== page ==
Well Supplied

Isaac Watts (1674-1748), who wrote  such beloved hymns as “When I Survey the Wondrous Cross” and “Joy to the World,” also wrote hundreds of hymns which are virtually unknown.Three of his lesser-known hymns are based on the well-known Psalm 23…and each one is a precious reminder of the wonder of having the Lord God as our Shepherd.  Below are the first stanzas from each of these three hymns.  Given the uncertainty of the world in which we live, and both the physical and spiritual needs we all have, these are stanzas well worthy of our contemplation!  I have bolded the wording which has had the greatest impact on my heart today. The phrase in italics comes in a close second.  The result:  Greater stillness of heart and trust in God’s care.

My Shepherd is the living Lord; Now shall my wants be well supplied; His providence and holy word Become my safety and my guide. My Shepherd will supply my need, Jehovah is his name; In pastures fresh he makes me feed, Beside the living stream. The Lord my Shepherd is, I shall be well supplied; Since he is mine and I am his, What can I want beside?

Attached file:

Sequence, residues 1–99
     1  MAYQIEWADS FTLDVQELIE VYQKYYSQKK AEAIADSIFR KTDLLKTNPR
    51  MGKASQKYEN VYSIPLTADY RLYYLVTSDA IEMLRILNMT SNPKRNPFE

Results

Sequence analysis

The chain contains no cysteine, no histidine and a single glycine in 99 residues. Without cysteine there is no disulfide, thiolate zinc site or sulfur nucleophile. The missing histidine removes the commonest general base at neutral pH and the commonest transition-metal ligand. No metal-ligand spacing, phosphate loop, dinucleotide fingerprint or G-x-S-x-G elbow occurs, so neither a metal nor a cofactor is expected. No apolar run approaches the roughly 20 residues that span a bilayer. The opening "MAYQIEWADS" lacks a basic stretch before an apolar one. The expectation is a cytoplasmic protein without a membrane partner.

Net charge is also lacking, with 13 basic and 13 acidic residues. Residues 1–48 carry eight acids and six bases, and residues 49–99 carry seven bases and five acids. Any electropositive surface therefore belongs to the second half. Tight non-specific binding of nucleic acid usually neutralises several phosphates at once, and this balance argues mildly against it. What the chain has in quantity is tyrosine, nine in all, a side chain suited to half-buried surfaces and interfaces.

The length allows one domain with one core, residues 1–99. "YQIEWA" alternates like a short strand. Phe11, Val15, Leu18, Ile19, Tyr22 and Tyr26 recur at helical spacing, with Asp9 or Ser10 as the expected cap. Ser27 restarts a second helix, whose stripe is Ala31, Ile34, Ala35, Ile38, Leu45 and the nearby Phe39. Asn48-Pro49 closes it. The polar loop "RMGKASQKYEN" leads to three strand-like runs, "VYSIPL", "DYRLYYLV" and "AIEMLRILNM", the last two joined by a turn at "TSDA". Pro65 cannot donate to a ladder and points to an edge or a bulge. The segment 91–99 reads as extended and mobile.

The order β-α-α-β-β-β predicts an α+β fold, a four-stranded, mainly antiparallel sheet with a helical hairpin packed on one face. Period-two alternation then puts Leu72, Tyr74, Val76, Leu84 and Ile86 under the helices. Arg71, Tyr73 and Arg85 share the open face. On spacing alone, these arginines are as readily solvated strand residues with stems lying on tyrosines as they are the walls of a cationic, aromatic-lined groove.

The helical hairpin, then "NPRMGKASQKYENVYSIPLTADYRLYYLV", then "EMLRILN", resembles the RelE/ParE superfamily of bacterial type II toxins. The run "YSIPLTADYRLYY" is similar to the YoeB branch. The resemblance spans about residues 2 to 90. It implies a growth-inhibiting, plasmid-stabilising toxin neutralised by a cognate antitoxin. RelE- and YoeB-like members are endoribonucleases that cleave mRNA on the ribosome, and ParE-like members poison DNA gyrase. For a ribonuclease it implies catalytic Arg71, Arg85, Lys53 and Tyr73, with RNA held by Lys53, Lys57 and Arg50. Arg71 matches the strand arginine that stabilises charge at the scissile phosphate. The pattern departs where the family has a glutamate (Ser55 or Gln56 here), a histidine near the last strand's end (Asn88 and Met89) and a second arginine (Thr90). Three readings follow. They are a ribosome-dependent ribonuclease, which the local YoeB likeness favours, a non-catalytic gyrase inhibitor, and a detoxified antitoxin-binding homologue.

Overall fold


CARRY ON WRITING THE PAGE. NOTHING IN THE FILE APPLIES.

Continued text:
The Sea of God's Mercies

With spring Bible study classes complete and conferences past, I have recently had some time to spend in the works of some of my favorite Puritan authors.  Upon reading portions of The Rare Jewel of Christian Contentment by Jeremiah Burroughs, I was once again struck by this thought which I had long ago marked in the margin.

It is a saying of Luther:  ‘The sea of God’s mercies should swallow up all our particular afflictions.’  Name any affliction that is upon you:  there is a sea of mercy to swallow it up.  If you pour a pailful of water on the floor of your house, it makes a great show, but if you throw it into the sea, there is no sign of it.  So, afflictions considered in themselves, we think are very great, but let them be considered with the sea of God’s mercies we enjoy, and then they are not so much, they are nothing in comparison.